Quip: And so begins the era of the mobile first word processor

Will Kelly reviews Quip, a new mobile first word processor, and lets us know if he sees a mobile first word processing future.


Quip, a new mobile first word processor, is coming into the tablet market at a unique time a Bring Your Own Device (BYOD) and enterprise mobility drive increasingly mobile enterprises. The company is founded by Bret Taylor, formerly CTO of Facebook, and Kevin Gibbs, formerly tech lead for Google Apps Engine, which gives it some serious street cred and sets the bar high for the Quip app.

You can sign up with Quip using any valid email address. I got Quip working great with both my regular Google account and my Google Apps for Business account. The basic Quip app is free and supports up to five users. I tested the free version, but there's also Quip Business ($12.00/month per user) and plans for Quip Enterprise.

Using Quip

When I downloaded the app to my iPad and opened it for the first time, signing in with my Google account brought up the Quip Desktop (Figure A).

Figure A

Figure A
The Quip Desktop.

Quip adapts to any screen and brings real-time, collaborative editing (including support for offline editing) to the iPad or iPhone. The collaborative angle is something I have yet to see in other mobile word processors. Where Quip gets it right is in the app’s simplicity. Every document has a chat thread, and every document edit appears in a document “news feed” on the left side of the app (Figure B). This news feed is great for mobile workers and others who don’t like following track changes. 

Figure B

Figure B
A document open in Quip.

You can use the @symbol to link to other people and documents. This creates a link from which you can start chat sessions or open linked documents. Figure C shows how messages to another user appear in the news feed.

Figure C

Figure C
Message other document collaborators in Quip.

It’s easy to create folders in Quip to organize your documents. You also have the option to create private folders to secure documents for your project team or department.

The interactive and shared checklists are still on the simple side. There is a benefit to centralizing such a function with your team’s documents, but other companies -- like Asana, Do, and Producteev -- offer capable mobile apps (tied to their cloud platforms) that blow away this fledgling task management feature.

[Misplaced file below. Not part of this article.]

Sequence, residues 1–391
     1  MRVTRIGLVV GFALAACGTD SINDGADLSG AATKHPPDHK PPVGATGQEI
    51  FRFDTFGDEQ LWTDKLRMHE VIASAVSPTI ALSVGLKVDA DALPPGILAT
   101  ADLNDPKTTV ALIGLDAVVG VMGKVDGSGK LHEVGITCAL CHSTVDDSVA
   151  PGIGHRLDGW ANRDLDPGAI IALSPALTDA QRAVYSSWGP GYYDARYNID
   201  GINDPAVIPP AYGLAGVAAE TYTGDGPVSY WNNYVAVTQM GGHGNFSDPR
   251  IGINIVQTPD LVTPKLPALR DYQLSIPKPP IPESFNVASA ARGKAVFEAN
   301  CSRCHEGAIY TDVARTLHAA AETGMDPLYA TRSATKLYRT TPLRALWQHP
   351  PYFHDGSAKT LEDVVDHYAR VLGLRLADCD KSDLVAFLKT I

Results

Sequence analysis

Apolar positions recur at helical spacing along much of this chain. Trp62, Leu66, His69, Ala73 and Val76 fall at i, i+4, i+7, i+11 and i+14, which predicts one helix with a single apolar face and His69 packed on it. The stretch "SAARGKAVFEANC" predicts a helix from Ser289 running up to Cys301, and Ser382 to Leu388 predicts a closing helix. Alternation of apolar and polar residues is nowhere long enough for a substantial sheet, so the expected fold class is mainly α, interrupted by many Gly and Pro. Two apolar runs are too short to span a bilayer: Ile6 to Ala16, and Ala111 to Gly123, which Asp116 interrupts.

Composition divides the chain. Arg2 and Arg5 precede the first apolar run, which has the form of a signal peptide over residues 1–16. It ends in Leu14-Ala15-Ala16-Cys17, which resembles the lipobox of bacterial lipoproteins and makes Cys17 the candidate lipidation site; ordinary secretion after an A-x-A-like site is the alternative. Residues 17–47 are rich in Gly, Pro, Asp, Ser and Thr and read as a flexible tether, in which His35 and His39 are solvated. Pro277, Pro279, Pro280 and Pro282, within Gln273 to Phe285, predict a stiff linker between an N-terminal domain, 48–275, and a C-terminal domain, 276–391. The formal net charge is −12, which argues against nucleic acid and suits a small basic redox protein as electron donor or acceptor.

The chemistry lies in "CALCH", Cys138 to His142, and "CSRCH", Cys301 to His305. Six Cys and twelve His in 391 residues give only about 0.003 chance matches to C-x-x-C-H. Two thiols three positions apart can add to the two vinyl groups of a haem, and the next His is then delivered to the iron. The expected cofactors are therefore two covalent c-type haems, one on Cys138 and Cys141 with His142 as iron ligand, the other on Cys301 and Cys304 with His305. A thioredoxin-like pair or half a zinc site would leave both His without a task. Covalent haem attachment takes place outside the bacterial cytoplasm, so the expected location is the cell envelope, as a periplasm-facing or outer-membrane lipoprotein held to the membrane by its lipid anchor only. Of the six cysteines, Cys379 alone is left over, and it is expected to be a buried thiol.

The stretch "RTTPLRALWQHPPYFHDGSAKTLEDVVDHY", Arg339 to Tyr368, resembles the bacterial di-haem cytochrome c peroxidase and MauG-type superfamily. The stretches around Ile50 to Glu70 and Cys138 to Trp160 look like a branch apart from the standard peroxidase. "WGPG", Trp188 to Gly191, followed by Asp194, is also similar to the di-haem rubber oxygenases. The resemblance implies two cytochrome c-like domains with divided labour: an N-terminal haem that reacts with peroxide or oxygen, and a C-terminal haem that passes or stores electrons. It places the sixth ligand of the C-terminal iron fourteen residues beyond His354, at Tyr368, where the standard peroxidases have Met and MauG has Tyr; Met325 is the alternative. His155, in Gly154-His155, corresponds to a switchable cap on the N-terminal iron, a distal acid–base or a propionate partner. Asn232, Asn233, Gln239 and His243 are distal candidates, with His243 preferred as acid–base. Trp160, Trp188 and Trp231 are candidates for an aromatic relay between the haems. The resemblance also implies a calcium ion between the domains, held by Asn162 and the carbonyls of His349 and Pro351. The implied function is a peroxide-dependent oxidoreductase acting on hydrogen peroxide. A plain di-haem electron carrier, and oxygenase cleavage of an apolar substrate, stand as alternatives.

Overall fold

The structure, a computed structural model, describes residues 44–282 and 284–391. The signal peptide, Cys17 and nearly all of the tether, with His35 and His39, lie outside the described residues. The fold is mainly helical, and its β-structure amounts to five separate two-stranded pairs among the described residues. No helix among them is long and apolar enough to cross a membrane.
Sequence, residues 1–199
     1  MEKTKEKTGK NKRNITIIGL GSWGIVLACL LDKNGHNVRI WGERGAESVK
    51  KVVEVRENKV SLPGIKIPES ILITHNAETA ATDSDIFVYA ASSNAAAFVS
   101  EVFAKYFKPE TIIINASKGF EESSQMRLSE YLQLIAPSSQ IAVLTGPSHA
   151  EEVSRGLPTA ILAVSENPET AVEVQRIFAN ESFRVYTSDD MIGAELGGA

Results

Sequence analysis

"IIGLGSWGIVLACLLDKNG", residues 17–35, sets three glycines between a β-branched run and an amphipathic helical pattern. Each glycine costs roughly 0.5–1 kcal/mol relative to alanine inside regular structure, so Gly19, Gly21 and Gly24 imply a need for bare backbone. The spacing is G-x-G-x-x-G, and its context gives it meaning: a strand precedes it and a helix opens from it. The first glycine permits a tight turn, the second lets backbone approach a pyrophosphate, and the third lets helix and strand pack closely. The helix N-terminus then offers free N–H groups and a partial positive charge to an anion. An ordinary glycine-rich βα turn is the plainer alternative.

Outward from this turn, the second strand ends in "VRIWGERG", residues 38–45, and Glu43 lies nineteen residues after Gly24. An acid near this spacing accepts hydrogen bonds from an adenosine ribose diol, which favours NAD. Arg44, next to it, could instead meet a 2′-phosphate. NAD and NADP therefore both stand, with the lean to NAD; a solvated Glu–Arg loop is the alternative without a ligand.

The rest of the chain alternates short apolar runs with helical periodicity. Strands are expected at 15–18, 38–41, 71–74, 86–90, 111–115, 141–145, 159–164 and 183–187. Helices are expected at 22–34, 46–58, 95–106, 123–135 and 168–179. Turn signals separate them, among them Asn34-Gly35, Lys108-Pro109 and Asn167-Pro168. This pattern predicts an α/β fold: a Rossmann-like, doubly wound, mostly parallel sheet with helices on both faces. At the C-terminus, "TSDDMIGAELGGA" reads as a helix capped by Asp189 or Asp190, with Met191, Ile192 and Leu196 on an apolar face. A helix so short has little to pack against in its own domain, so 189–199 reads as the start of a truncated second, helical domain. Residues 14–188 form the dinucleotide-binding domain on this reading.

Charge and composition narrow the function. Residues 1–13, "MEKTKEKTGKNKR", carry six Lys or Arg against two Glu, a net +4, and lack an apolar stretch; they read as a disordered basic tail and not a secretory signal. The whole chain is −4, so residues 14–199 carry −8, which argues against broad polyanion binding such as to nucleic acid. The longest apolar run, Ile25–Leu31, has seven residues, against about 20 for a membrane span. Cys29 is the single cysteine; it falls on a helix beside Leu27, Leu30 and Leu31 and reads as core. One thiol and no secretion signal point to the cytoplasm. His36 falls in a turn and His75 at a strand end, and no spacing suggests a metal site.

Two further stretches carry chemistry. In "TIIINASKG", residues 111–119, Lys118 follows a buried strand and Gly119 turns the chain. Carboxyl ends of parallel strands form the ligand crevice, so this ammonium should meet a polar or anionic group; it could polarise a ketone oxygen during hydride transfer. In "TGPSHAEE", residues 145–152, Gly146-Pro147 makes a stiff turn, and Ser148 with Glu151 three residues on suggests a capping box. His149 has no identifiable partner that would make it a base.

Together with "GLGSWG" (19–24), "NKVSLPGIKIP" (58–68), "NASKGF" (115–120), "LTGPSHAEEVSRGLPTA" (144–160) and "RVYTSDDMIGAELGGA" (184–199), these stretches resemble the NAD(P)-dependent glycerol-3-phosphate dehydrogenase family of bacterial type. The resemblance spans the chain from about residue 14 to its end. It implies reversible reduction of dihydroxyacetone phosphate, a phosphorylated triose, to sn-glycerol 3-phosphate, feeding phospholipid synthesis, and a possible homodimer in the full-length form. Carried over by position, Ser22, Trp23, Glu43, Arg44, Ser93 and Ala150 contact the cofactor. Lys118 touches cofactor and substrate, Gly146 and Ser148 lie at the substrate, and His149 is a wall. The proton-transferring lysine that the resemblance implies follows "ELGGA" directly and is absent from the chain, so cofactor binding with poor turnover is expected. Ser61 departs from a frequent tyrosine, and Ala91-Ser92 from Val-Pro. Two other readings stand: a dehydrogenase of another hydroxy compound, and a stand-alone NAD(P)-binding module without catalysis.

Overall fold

Quip’s alerts when edits are made to a document show that these app developers have some game. It’s simple and common sense enough to be standard in such word processors, but nobody else offers it -- not even Apple Pages (however, I expect the final release of iWork for iCloud might change that).

Quip and document complexity

I’m from a world where documents mean templates and styles. Quip sticks with just the basics. You aren’t going to be writing a customer-facing manual, but you can certainly write articles, blog posts, or other simple documents that require minimal formatting, such as headings, bold, and underlining. You can also insert images and create simple tables.

My first inclination about Quip is that it’s useful for collaborating on basic content. For example, I can see a team collaborating on installation procedures or a requirements document in Quip. Unfortunately, the only way to get documents out of Quip is through PDF output in the desktop browser version. This makes Quip off limits for most, if not all, external documents.

Quip on PCs

Quip also works on PCs. I like the thought of Quip for team-based collaborative document authoring, with members using whatever device they choose and keeping documents out of the email inbox. However, the Quip user interface looks stretched and tired out on larger monitors.

Quip on Android

A preview version of Quip for Android is available in the Google Play Store. However, at the time of this writing, the app only supports viewing documents and replying to existing conversations. I tried out the preview app on one of my Android tablets (Figure D) and was pleased to see that it looked very similar to the iOS app, but I’m hesitant to pass a final judgment on the app until I can create some documents with Quip on my Android tablet.

Figure D

Figure D

Quip (Preview) app for Android.

Final thoughts

I’ve long been on the fence about mobile word processors for anything outside of light editing. However, my time writing for TechRepublic's Tablets in the Enterprise blog has enabled me to step away from the long documents, templates, and styles and manuals bias from my work as a technical writer. The fact is, with the rise of enterprise mobility and BYOD), the age-old word processing model is due for an overhaul. Such an overhaul is going to come from nimble startups like Quip, because -- as the launch of Office Mobile for Office 365 shows all too clearly -- Microsoft either can’t or won’t launch a solid mobile Office suite that works across mobile devices.

In my opinion, Quip -- with a properly executed roadmap -- has the potential to set the rules for word processing in organizations that depend on mobile workers. However, Quip needs more time to get there.  

By Will Kelly

Will Kelly is a freelance technical writer and analyst currently focusing on enterprise mobility, Bring Your Own Device (BYOD), and the consumerization of IT. He has also written about cloud computing, Big Data, virtualization, project management ap...